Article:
Australia: When your business doesn't fit in the garage any more - what to consider before entering into a lease

Last Updated: 9 May 2016
Article by Audra Oliveira-Ben

In brief - Do your homework before you sign a lease

Read and understand the wording of the lease, check the condition of the premises carefully, compare market rates, get legal advice and ensure there are no draconian clauses in the lease you are about to sign.

You can't back out of a commercial lease at your convenience

Running your business out of your garage or spare bedroom may seem like the optimal solution for a new start-up. If Steve Jobs did it, so can you, right? However, when, among other things, you can no longer decipher where your home ends and business begins, you may need to start considering alternative, commercial premises from which to carry on your business.

Entering into a lease should not be undertaken without serious consideration. You will be bound contractually for the whole of the lease term and unless negotiated, will not be able to terminate the lease early at your convenience, although you may be able to assign the lease subject to conditions.

Prior to entering into a lease you should carefully consider the following:

You can only rely on the wording of the lease

Do not rely on any representation made by an agent of the landlord, including representations about the area of the premises, even if it is stated in an advertisement or other marketing material. Most leases will contain a clause stating that you (as tenant) did not rely on any representation except as set out in the lease. Unless it is documented in the lease, you will not be entitled to claim later: "But the agent told me..."

Are the plant, equipment and facilities in the premises in good working order?

Verify the condition of the landlord's plant, equipment and facilities. Check that everything is in good working order prior to accepting handover of the premises. Usually tenants will have no claim against a landlord where there is a breakdown of services (subject to the landlord's obligation to use reasonable endeavours to ensure those services are in working order).

Compare the rental rate per square metre

Consider the rate per square metre of rent requested under the lease. Assess this against similar buildings for similar uses in the vicinity.

Negotiating the lease

Once you are happy with the premises, negotiate the terms of the lease.

If it is a commercial lease, request each party pay its own legal costs (don't just accept that you are required to pay the landlord's costs).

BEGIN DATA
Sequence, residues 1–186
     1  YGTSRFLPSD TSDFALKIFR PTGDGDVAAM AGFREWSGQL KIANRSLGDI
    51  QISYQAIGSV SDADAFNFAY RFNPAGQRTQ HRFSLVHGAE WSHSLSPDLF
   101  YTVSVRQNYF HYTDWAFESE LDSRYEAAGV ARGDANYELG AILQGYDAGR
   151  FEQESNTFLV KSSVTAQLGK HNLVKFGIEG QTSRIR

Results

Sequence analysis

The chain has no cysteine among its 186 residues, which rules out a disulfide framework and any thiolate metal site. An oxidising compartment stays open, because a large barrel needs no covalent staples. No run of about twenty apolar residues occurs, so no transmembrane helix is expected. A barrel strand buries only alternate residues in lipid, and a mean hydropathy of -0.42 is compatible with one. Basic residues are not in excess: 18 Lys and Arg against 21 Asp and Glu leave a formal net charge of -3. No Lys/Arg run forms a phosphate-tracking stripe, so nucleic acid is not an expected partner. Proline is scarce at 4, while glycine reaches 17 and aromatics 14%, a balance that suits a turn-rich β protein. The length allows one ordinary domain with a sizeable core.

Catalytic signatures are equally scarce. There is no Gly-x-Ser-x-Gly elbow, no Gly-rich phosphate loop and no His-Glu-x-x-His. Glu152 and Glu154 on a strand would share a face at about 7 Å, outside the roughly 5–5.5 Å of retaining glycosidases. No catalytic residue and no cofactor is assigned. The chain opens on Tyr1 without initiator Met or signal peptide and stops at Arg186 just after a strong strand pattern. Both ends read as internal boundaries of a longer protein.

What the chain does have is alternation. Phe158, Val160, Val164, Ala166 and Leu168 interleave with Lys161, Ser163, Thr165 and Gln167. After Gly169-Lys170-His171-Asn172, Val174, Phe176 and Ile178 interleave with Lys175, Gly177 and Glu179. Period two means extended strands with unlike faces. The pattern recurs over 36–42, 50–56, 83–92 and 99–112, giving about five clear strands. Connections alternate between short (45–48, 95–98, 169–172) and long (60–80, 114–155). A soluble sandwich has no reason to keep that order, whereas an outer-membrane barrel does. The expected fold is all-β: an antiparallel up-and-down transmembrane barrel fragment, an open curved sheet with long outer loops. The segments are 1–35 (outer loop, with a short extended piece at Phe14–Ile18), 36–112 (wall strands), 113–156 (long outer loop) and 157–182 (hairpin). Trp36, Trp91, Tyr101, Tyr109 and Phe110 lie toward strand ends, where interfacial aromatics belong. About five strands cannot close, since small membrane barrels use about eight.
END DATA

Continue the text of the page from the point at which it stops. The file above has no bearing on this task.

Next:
If you are carrying out a fitout, request a contribution from the landlord towards that fitout. The landlord will benefit from your fitout, so ask away! Other incentives may include a rent free period or lump sum payment or a combination of incentives.

Consider whether the rent review provisions are fair in the current market, including the frequency of any market rent review.

Negotiate the length of the lease term and any options. Are you able to commit to the initial term? Do you have sufficient flexibility to grow your business?

If you are a company, consider whether you are able to provide personal guarantees by the directors to guarantee the obligations of the tenant. If not, request alternative forms of security, such as a larger bank guarantee or security deposit.

Check your redecoration obligations. You should not have to put the premises into any better condition than the condition prior to your first occupation, subject to fair wear and tear.

Check your make good obligations at the end of the lease. Such obligations can vary from simply removing your property to bringing the premises back to a base building state.

Ensure any special condition you require is contained in the lease. Even if agreed verbally by a landlord, if it is not documented, the landlord has no obligation to effect it.

Lease clauses you should consider with extreme care<

Be extremely wary of any of the below clauses in a lease and seek further advice:

  • Landlord's right to relocate and/or demolish the premises
  • Termination of the lease due to resumption of premises
  • Any indemnity provided to the landlord
  • Unreasonable insurance obligations

If the landlord won't delete these clauses, request a limit to their scope. For example, insist that a relocation or demolition may only apply after X years.

Make sure you diligently note relevant dates in the lease. Any option period must usually be exercised in a particular form before a set date, or you will lose your right of renewal.

Do your due diligence and make sure the lease is fair

You will know when it's time for your business to move out of the garage or spare bedroom into a home of its own. But before you sign a lease, do your due diligence. Get legal advice and ensure that the lease is reasonably balanced between the competing rights and obligations of yourself and the landlord.

Audra Oliveira-Ben
Property
Colin Biggers & Paisley

The content of this article is intended to provide a general guide to the subject matter. Specialist advice should be sought about your specific circumstances.

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Audra Oliveira-Ben
 
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